WHAT I LOVE MOST ABOUT WDW IT’S HOME SWEET HOME
What I love best about Walt Disney World isn’t a thing. Not a specific ride, attraction, restaurant, stage show, resort, or even the monorail.
Now, don’t get me wrong. I love all of these things. From the Haunted Mansion to Soarin’ to Test Track to eating the Kitchen Sink with my family at the Beaches & Cream Soda Shop. From preparing for splashdown on Splash Mountain to walking the World Showcase’s torch-lined pathways back to our resort.
But this article isn’t about all the things I love at Disney. It’s about what I love most.
And what I love most is…. the feeling that being there brings.
For me, it starts as soon as the Magical Express drops us off at the Beach Club Resort from the airport. As we walk up to the front doors, several cast members, including a bellhop and valet, and a man charmingly dressed as a Captain, smile and say, “Welcome home!” A phrase that never fails to make me feel warm and waited for, like coming home after a long business trip. And, somehow, even though I know the phrase is used for all guests and is part of the Disney training, it still feels sincere.
As the week goes on, there are more familiar feelings – those that tie one visit to the next. That connect the past to the present. Feelings that make Disney World more than a resort for my family, and more a home away from home.
And just like a home is often in the background of family pictures, so has Disney World been a regular backdrop in our lives. Each year, we have our kids pose in the same spots at the resort, a fun way to show how they’ve grown. Like looking back at pencil marks that parents have made on a garage wall to track their children’s height. Year by year, whether it’s our kids sitting by the fountain in the Morocco pavilion, standing in front of Cinderella’s castle, or sitting on the Speeder Bike near Star Tours, the photos bring both the bittersweet feeling of seeing how quickly time has passed, and the joy of remembering moments together.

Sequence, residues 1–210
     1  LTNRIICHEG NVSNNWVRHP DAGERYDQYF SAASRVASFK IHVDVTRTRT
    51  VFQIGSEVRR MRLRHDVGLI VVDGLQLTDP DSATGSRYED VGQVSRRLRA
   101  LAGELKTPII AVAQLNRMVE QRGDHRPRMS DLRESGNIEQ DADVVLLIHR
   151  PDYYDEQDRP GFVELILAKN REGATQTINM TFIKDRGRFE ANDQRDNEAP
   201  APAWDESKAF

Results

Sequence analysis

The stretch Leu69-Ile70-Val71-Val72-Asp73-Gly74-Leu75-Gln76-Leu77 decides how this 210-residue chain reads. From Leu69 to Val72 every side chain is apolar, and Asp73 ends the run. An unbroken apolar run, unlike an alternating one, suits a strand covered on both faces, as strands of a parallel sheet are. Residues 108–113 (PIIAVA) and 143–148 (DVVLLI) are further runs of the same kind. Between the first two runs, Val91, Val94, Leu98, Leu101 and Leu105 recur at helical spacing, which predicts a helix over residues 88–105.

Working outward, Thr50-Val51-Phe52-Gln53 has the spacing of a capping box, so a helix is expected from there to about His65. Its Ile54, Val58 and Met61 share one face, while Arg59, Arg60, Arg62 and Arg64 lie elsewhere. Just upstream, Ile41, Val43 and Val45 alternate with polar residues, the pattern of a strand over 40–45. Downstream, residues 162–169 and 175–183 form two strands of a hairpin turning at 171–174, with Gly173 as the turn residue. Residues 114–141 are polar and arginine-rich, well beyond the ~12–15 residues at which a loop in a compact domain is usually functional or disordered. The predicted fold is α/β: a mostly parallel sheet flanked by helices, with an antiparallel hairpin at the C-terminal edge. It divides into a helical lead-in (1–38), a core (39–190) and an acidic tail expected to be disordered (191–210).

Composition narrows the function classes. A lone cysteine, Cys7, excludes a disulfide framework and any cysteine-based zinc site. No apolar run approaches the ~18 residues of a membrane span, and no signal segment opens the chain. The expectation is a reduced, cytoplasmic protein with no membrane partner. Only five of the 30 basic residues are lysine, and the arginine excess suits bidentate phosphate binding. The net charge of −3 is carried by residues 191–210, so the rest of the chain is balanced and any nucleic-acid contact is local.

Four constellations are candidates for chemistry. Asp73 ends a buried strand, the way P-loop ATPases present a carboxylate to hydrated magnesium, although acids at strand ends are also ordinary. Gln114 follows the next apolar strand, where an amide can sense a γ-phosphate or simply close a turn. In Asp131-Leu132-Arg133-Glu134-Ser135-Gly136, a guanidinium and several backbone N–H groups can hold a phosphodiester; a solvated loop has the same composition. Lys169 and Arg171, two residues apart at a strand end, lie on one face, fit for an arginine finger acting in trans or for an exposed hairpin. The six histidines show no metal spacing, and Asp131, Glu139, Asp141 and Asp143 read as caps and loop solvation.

There’s the gratitude we feel in those instances where a cast member shows extra kindness to our kids, or goes way beyond what one would expect to help us solve a problem. Of course, this level of service can cause some consternation when I get back home after our trip and expect that same kind of care at the neighborhood grocery store.
There’s also the feeling of wonder, when on every one of our trips, a moment of magic stands out, like when our young daughter left her purse on the monorail. Within minutes of telling a security guard, he notified the Transportation and Ticket Center, which then contacted the monorail driver, who then checked the train at the next stop and brought the purse back to the Epcot entrance on his next pass, where another security guard brought it down to us at the base of Spaceship Earth. Watching my daughter’s eyes as she excitedly took it back within a half hour of thinking it was gone for good, I saw amazement there. Which made me realize once again that the “most magical place on earth” wasn’t just an advertising tagline, but a promise.
At the end of the trip, however, there’s a feeling I don’t look forward to: sadness. My wife and I still haven’t figured out how best to spend that last day to lessen the feeling for ourselves and the kids. We’ve tried everything to make that transition back into the “real world” easier, from spending the last day in one of the parks, to swimming back at the resort, to actually visiting an attraction outside Disney World. Not much helps.
Fortunately, though, the excitement begins to return as soon as we start planning our next visit, even before our plane touches back down in Chicago. Of course, the irony doesn’t escape me – that we’re missing our “second home” on the way back to our first.
Which I’m guessing is exactly how Walt envisioned it as he sat watching his daughters ride the carousel at the park near his Los Angeles home, dreaming of a place where families could have fun together – and feel together. A place that became reality with Disneyland. And, later, Walt Disney World.
And, as we know, there’s no place like home.